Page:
Osteoporosis Management Strategies

Osteoporosis is a common condition where your bones become very brittle and thin over time, which increases your risk of fracture. Unfortunately, osteoporosis is a “silent” disease, meaning many people don’t realize they are living with it. For that reason, the condition requires regular screening.

Dr. Ashraf Uddin, endocrinologist at Riverside Healthcare, offers key insights and advice surrounding osteoporosis—including risk factors, screening recommendations, and management strategies.

Causes and Risk Factors

Ashraf Uddin, DO

One significant cause of osteoporosis is reduced estrogen—common among women in their post-menopausal stage of life. This also encompasses people who are on an estrogen-blocking therapy to treat cancer. Men who have low testosterone are also in a higher risk group.

“People who are on long-term glucocorticoids or steroid injections or pills, whether that’s for COPD or for joint pain, have a much higher increased risk of developing osteoporosis over time,” states Dr. Uddin.

Diagnosing the Problem, Then Preventing Its Progression

The most common screening test for osteoporosis is a DEXA scan. This involves x-ray imaging to assess one’s bone density. “It’s a pretty simple procedure, and it gives us a lot of information. With that, we can determine whether you’re osteoporotic, or you’re in a precondition called osteopenia. We combine that information with your risk of fracture to determine whether you should undergo treatment or not,” explains Dr. Uddin.

The sooner individuals get a diagnosis, the sooner they can begin making lifestyle changes to help manage the condition. Dr. Uddin advises getting adequate amounts of calcium and vitamin D, as well as practicing regular weight-bearing exercises.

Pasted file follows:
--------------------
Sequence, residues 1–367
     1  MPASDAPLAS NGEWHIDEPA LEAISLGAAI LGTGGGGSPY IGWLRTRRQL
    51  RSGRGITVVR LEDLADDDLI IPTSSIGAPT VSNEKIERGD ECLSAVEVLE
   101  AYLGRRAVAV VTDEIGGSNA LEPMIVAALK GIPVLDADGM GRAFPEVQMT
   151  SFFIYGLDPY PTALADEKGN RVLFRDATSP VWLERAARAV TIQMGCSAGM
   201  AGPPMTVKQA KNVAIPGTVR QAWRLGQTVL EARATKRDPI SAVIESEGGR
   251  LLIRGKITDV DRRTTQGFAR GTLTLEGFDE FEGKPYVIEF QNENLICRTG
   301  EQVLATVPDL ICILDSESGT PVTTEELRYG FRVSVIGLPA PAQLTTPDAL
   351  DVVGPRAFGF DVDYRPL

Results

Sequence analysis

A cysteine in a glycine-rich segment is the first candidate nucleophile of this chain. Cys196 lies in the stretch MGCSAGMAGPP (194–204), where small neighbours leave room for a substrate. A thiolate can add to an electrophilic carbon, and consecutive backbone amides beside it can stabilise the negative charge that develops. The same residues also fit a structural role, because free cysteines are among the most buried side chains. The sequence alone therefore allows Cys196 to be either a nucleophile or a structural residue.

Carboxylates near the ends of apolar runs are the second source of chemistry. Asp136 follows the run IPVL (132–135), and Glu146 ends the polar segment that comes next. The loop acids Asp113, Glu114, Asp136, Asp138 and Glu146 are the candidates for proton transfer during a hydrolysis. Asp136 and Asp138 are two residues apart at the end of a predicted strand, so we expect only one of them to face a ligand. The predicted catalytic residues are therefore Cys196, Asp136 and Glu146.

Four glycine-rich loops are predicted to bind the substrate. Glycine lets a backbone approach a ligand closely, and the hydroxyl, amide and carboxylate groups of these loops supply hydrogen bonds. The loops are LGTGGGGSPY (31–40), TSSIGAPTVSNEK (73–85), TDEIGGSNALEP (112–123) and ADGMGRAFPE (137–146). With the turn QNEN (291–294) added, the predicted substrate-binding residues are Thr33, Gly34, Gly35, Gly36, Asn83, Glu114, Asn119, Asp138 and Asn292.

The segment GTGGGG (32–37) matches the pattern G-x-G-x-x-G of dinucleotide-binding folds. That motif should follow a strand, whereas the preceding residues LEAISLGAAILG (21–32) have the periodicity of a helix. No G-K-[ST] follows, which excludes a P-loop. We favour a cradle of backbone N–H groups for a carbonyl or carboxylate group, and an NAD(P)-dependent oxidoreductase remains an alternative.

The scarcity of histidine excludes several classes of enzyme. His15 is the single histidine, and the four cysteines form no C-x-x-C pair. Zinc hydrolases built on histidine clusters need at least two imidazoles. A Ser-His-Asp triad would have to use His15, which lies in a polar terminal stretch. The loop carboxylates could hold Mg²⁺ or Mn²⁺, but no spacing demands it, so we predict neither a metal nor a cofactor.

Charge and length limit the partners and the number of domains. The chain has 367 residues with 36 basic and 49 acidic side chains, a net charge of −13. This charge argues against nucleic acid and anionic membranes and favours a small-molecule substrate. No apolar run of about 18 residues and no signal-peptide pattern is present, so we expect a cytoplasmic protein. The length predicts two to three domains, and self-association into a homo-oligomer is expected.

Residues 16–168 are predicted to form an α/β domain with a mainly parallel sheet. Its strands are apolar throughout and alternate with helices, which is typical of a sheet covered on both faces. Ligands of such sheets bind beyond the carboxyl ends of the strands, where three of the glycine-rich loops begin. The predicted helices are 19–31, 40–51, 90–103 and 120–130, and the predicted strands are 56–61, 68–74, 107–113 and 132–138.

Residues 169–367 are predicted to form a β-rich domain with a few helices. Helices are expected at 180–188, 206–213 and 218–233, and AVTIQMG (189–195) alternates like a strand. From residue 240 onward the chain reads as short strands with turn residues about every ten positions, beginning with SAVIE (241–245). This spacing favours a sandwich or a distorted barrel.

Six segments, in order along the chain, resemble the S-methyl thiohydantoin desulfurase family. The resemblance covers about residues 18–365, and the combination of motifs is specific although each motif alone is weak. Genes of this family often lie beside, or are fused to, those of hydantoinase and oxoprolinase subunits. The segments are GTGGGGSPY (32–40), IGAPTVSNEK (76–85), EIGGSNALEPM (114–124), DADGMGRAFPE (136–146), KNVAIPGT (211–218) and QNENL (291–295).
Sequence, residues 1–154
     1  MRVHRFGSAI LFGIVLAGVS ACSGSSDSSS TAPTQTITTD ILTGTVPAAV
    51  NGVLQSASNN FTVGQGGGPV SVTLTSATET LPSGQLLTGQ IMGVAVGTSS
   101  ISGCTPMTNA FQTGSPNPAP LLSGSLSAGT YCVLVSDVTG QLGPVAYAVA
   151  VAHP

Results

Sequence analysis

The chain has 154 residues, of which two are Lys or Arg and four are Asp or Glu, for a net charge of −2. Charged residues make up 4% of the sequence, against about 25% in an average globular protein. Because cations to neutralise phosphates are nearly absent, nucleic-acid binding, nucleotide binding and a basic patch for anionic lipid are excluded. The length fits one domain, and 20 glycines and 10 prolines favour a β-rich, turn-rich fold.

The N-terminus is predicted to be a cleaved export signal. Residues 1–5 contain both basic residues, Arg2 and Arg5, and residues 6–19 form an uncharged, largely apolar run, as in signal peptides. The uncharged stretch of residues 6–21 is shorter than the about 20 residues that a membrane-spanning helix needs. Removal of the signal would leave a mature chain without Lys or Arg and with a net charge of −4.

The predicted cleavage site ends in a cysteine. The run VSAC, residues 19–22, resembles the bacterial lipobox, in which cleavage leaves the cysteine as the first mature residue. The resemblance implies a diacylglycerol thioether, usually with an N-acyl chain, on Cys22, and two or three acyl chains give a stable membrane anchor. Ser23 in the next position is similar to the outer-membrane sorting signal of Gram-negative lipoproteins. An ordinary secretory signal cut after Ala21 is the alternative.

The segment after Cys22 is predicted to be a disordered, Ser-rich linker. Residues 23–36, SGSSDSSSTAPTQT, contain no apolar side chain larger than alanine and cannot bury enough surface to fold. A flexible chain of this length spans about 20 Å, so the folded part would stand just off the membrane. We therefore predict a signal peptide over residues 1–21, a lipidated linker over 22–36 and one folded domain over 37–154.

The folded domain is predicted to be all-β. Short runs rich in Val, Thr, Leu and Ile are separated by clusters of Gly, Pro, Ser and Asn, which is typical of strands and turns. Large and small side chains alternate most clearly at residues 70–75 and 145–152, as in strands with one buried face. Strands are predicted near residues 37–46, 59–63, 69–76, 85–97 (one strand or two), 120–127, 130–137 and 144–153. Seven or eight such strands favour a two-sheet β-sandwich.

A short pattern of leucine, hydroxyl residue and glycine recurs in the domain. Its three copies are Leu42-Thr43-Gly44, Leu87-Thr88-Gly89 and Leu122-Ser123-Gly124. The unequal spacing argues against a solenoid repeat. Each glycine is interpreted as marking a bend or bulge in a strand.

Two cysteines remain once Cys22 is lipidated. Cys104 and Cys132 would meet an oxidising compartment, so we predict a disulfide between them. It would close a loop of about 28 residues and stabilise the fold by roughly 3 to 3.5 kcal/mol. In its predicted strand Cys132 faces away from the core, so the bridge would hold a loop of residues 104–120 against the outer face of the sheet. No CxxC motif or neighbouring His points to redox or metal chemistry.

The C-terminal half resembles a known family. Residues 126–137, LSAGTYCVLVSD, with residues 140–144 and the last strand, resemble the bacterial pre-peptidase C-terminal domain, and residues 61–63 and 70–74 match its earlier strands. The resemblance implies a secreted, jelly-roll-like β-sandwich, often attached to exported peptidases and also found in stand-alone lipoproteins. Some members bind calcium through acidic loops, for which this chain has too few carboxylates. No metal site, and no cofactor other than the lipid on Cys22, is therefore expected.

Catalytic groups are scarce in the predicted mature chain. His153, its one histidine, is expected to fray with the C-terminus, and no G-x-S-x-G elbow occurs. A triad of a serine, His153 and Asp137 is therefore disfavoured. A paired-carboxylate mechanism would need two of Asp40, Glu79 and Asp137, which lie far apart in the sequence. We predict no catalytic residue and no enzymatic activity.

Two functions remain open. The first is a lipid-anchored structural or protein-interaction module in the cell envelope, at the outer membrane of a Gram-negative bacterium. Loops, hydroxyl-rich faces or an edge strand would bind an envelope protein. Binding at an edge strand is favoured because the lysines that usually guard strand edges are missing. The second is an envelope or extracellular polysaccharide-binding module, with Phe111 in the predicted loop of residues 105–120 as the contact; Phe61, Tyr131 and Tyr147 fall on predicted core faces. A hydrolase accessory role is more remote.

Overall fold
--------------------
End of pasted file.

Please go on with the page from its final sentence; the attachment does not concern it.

Dietary items that have high amounts of calcium include nuts, milk, cheese, vegetables, and fruits like oranges and apples. “There are a lot of different sources, and ideally we want to get most of it from our diet. Making adjustments where you can is important,” he adds.

Medical Intervention

Lifestyle changes do help arrest the progression of osteoporosis, but sometimes individuals need to undergo a treatment protocol as well. Dr. Uddin notes this might involve oral medications or IV infusions.

“More recently, there are also injectable medications that help build bone, whereas other medications ‘hold on’ to what you have already,” he shares. “We try to come up with a tailored approach with our patients to see what their goals are and what kind of risk factors they have. Are some of those things changeable or not? How much of a risk in the future of developing a fracture? We determine our treatment based off of that risk.”

Screening Recommendations

Typically, all women over age 65 can get a bone density scan every two years. Dr. Uddin notes there are some health organizations that suggest everyone over the age of 50 should have some sort of screening for osteoporosis. But, because of how Medicare and Medicaid guide coverage and reimbursements, age 65 is generally the start for women and age 70 for men. People who have chronic kidney disease and who are on dialysis can also develop bone density issues over time, so they should also be screened.

“In your aging years, you should think of hip fractures as something that is just as severe as a heart attack. But, it’s not really given that same sort of severity or importance. Many people who develop a hip fracture in their older years have a very low life expectancy after that hip fracture and also lose a lot of their mobility and independence as well,” cautions Dr. Uddin. “We aren’t just thinking about longevity of life, but also quality of life when we’re treating somebody for osteoporosis and preventing fractures.”

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